2) Exploration

Visibility of the squamo-cylindrical junction (Table 1): our study had shown a lack of visibility of the area of junction in the 50 - 59 age group and 60 - 65 years of 52.7% and 74.3% respectively (Table 2). Comparison of the results of colposcopy and histopathology: colposcopy was normal in 88.9% compared to histology which was normal in 63.2% (Table 3).

Concordance between the results of the colposcopy and histology: for164 results of recognized colposcopies normal histology had found 7 LIEBG, 9 LIEHG and 3 cancers. The detection of the LIEBG rate was 42 per 1000 women. The detection of the LIEHG rate was 9 per 1000 women (Table 4).

Performance of colposcopy in the diagnosis of LIEBG, LIEHG and cancer: on all injuries precancerous and cancerous, the sensitivity was 93%; specificity of 64%, the positive predictive value of 46% and the negative predictive value of 90% (Table 5).

Table 1. Sociodemographic characteristics of the study population.

Female age (years) Workforce (n = 9339) Percentage (%)

Age 25 - 29 991 10.6

30 - 39 4492 48.1

40 - 49 2908 31.1

50 - 59 868 9.3

60 - 65 80 0.9

Gestity

0 621 6.7

1 - 2 1837 19.7

3 - 4 2219 23.8

5+ 4662 49.9

Women of childbearing age 8363 89.54

Marital status

Bride 6858 73.4

Widow 367 4

Divorcee 237 2.5

Other+ 196 2.1

Unknown 1681 18

Lettered woman 5209 55.8

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DOI: 10.4236/ojog.2018.85056 500 Open Journal of Obstetrics and Gynecology Table 2. Visibility of the cylindrical squamo junction over the age.

Groupe Age Visible pourcentage Non visible Pourcentage Total

25 - 29 377 64.0 212 36.0 589

30 - 39 3113 82.9 644 17.1 3757

40 - 49 1690 67.3 822 32.7 2512

50 - 59 345 47.3 385 52.7 730

60 - 65 18 25.7 52 74.3 70

Total 5543 72.4 2115 27.6 7658

Table 3. Distribution of the results of colposcopy and histopathology.

Colposcopy Histology

number % number %

Normal 8263 88.9 632 63.2

Inconclusive 237 2.6 37 3.7

Atypical 15 1.5

LIEBG+ 678 7.3 146 14.6

LIEHG++ 62 0.7 79 7.9

Cancer 54 0.6 91 9.1

LIEBG+: Injury intra epithelial squamous to low grade; LIEHG++: Injury intra epithelial squamous of high grade.

Table 4. Concordance between the results of the colposcopy and histopathology.

Colposcopy Histology

Normal LIEBG LIEHG Cancer Total

164 7 9 3 183

273 115 34 11 433

9 4 19 20 62

2 1 0 48 51

Table 5. Performance of colposcopy in the diagnosis of LIEBG, L IEHG and cancers.

Result Diseanse presents Absent desease Total

positive Colposcopy 252 294 546

négative Colposcopy 19 164 183

Total 271 458

Sensitivity = 252/271 = 0.93 or 93%, specificity = 294/458 = 0.64 or 64%; Positive predictive value = 252/546 = 0.46, or 46%, value predictive negative = 164/183 = 0.90 or 90%.

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DOI: 10.4236/ojog.2018.85056 501 Open Journal of Obstetrics and Gynecology Table 6. Performance of colposcopy in the diagnosis of the LIEBG.

Disease presents Absent disease Total

Positive colposcopy 120 273 393

Negative colposcopy 7 164 171

127 437 564

Sensitivity = 120/127 = 0.94 or 94%, specificity = 273/437 = 0.62 or 62%; Positive predictive value = 120/393 = 0.31 or 31%, value predictive negative = 164/171 = 0.95 or 95%.

3) Treatment

Cryotherapy was carried out at 11.8% of women with the LIEBG and 49.4% of women with the LIEHG. The cone was made on 39% cases of LIEHG and 2.1% of micro-invasive cancer. Surgery was also made on 8.5% of cancer (Figure 1).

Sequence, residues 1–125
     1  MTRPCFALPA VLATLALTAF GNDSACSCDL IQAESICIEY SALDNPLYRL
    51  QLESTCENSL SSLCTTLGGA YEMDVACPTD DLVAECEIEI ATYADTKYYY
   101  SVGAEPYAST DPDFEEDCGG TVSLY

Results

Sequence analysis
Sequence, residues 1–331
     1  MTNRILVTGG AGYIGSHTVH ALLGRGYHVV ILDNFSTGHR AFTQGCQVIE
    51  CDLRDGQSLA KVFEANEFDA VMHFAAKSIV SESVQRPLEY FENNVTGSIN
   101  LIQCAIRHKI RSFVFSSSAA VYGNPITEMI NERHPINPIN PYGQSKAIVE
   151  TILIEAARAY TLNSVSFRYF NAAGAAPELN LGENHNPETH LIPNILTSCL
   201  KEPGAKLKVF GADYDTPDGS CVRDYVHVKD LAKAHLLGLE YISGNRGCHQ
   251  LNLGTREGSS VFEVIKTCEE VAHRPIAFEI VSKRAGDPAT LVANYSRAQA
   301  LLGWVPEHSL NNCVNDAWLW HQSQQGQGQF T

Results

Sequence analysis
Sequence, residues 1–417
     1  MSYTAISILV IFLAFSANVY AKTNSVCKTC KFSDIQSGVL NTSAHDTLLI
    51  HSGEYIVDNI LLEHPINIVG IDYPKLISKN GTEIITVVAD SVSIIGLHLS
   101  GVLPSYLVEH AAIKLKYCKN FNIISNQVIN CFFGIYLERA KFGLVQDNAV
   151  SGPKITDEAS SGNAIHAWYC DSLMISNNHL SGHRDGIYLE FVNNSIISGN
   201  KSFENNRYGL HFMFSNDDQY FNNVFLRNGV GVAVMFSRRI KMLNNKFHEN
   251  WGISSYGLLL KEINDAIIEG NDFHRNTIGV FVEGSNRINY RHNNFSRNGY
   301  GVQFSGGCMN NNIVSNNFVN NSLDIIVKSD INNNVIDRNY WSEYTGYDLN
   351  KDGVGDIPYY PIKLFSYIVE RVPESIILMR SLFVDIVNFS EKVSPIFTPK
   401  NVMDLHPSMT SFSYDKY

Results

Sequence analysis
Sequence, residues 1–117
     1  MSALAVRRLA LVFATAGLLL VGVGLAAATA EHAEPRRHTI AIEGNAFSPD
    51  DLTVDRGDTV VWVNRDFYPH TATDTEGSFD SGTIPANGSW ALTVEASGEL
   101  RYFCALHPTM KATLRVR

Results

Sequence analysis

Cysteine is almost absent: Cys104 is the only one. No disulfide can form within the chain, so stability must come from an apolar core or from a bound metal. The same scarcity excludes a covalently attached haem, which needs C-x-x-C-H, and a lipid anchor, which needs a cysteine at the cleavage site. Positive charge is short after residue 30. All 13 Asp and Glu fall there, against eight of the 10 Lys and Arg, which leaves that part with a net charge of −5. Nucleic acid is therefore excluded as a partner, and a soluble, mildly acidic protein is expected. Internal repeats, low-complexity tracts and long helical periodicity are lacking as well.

4. Discussions

During this work, the objective was to assess the role of colposcopy in screening for cancer of the cervix in the CHU of Conakry. We were able to collect a total of 9339 patients at the waning of organized screening.

1) Sociodemographic characteristics (Table 1)

Women of childbearing age were more represented in the age group of 30 - 39 years at 48%.

Our results were inferior to those reported by Ben Aissa et al. who were 68.4% in the 30 - 49 age group of screened women [5]. In our series, this rate can be explained by the beginning of this organized free screening activity, associated with a large media campaign with low level of perception of the population. As for the gestity, large multigestes accounted for nearly half of our study popula-tion; this can be explained by the predisposition of the great multipara to inju-ries precancerous and cancer of the cervix [1]. Compared to the level of educa-tion, 55.8% of the women recruited were applied which could think that they had a better understanding of the importance and desirability of a champagne of organized screening. These patients were either married women 73.4% majority. This observation would be close to that of Tebeu and al in Cameroon who were 73.5% [6]. Thus showing the impact and the place of the spouse on the health of the partner as we revealed several authors in the literature [7].

2) Exploration

Visibility of the cylindrical age squamo junction (Table 2). Our study had shown a lack of full visibility of the junction box in the age group 50 - 59 years 60 - 65 years of 47.3% and 25.7% respectively. It is established that over the age of the woman stopped there are difficult to fully see the squamo-cylindrical junction [6], our results joined those of Baker et al. indicating that the percen-tage of junction not seen past of 11.5% before 50% to 75% beyond [6].

Colposcopy and histology (Table 3)

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DOI: 10.4236/ojog.2018.85056 502 Open Journal of Obstetrics and Gynecology (a)

(b) Figure 1. Type of treatment provided.

of cancer was established at 0.6% is a detection rate of 6 in 1000. The LIEBG have been found in 14, 6% of the cases examined, the LIEHG in 7.9% and inva-sive cancers in 9.1% of biopsies performed. Ritter et al. observed 8.9 percent of precancerous lesions and cancer 0.7% and 2% of colposcopy inconclusive [8].